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Matt StevensSeptember 14, 2009

As a student at Spring Hill College in Mobile, Ala., I did not exactly immerse myself in the world of campus ministry. No faith-sharing groups, no retreats. To be honest, I had an aversion to that whole world, which is a bit ironic, considering that I am now working toward a master’s degree in theological studies and have an internship as a graduate chaplain at Loyola University Chicago. I have grown to understand that ministry comes in a lot of different, sometimes unexpected forms. And in my experience, community, paired with an open mind and open heart, has always been at its core.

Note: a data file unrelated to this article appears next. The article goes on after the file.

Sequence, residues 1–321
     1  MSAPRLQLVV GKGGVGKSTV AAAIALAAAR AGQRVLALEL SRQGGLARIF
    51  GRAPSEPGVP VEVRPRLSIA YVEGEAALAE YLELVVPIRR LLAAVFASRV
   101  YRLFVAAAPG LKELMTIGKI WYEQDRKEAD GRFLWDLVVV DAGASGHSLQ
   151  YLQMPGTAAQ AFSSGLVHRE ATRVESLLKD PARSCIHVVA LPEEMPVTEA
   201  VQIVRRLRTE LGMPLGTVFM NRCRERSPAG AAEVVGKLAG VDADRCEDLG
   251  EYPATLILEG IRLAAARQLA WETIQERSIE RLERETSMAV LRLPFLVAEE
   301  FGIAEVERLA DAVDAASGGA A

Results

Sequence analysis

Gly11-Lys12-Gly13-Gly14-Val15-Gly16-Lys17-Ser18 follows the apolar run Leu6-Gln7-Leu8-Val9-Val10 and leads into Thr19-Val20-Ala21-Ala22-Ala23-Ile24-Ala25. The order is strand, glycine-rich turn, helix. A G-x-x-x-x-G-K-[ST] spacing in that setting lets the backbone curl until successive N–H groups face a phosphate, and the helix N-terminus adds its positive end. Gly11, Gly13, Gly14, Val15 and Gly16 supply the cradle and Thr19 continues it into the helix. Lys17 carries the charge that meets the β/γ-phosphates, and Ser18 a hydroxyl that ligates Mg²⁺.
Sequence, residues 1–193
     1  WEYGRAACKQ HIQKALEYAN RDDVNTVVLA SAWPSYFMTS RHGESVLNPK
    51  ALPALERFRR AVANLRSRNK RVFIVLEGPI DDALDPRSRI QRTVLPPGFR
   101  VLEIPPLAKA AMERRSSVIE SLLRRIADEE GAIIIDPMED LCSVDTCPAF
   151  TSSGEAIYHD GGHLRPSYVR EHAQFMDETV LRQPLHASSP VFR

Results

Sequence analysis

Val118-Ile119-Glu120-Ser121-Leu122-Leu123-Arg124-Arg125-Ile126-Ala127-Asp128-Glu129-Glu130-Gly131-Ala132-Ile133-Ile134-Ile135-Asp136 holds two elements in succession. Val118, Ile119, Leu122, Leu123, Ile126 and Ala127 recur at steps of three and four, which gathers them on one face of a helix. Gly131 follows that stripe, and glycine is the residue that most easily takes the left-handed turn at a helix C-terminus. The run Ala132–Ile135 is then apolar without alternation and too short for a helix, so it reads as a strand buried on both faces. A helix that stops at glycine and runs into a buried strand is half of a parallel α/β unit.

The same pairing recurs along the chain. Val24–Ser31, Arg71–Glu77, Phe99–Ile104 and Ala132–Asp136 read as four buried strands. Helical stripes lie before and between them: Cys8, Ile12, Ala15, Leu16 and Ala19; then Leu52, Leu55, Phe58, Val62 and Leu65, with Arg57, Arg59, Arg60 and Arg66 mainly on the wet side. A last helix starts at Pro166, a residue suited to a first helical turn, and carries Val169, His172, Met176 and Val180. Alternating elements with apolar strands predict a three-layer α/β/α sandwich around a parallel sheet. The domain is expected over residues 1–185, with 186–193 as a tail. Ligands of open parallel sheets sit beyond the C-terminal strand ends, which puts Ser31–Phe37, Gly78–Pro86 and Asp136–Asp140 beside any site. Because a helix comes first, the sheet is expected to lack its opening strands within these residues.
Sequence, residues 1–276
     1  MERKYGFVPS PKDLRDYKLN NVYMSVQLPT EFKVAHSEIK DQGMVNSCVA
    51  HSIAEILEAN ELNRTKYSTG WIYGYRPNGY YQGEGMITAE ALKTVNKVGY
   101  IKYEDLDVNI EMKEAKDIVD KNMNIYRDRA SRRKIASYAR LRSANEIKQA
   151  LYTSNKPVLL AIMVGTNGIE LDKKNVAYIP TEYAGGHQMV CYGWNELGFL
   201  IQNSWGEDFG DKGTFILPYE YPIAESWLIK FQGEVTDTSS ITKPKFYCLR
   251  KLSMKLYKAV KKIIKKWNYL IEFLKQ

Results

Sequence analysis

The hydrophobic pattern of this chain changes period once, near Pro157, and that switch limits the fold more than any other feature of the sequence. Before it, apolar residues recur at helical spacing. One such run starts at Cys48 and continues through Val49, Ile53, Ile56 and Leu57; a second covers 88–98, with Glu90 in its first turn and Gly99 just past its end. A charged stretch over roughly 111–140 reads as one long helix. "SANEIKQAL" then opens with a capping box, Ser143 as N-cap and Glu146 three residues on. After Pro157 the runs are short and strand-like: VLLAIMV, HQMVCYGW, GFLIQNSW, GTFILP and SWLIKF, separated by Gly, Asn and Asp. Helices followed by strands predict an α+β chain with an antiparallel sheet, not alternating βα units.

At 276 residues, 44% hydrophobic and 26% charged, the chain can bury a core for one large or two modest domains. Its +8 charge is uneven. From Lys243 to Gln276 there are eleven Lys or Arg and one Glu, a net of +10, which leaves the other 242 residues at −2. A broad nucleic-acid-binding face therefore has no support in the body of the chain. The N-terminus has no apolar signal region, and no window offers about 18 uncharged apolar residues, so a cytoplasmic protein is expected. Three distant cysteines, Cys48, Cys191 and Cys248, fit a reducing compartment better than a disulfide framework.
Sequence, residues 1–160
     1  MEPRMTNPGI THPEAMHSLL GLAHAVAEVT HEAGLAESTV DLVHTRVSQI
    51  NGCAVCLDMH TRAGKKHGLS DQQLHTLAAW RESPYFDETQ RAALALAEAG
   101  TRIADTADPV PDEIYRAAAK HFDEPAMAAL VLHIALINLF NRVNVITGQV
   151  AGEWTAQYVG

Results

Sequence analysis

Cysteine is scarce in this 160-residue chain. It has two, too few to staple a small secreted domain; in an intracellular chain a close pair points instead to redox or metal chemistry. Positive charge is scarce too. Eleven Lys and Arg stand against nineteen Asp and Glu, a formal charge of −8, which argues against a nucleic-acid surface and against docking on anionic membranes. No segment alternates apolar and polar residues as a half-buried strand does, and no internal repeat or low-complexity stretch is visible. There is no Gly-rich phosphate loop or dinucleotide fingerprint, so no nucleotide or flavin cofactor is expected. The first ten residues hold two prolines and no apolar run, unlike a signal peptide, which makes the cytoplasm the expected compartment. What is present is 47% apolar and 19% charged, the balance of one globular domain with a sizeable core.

Growing up in Tupelo, Miss., I was one of just a handful of Catholic kids in my high school. I did not come from a staunchly religious family, but I went to church and religious education classes mainly because Catholicism was the faith tradition of our family. While not initially very knowledgeable or insightful, I kept finding myself explaining elements of Catholicism to high school friends. Somewhere along the line, this stirred my own curiosity and caused me to be more reflective about my faith life. Our parish youth group was a natural place I turned to for nourishment.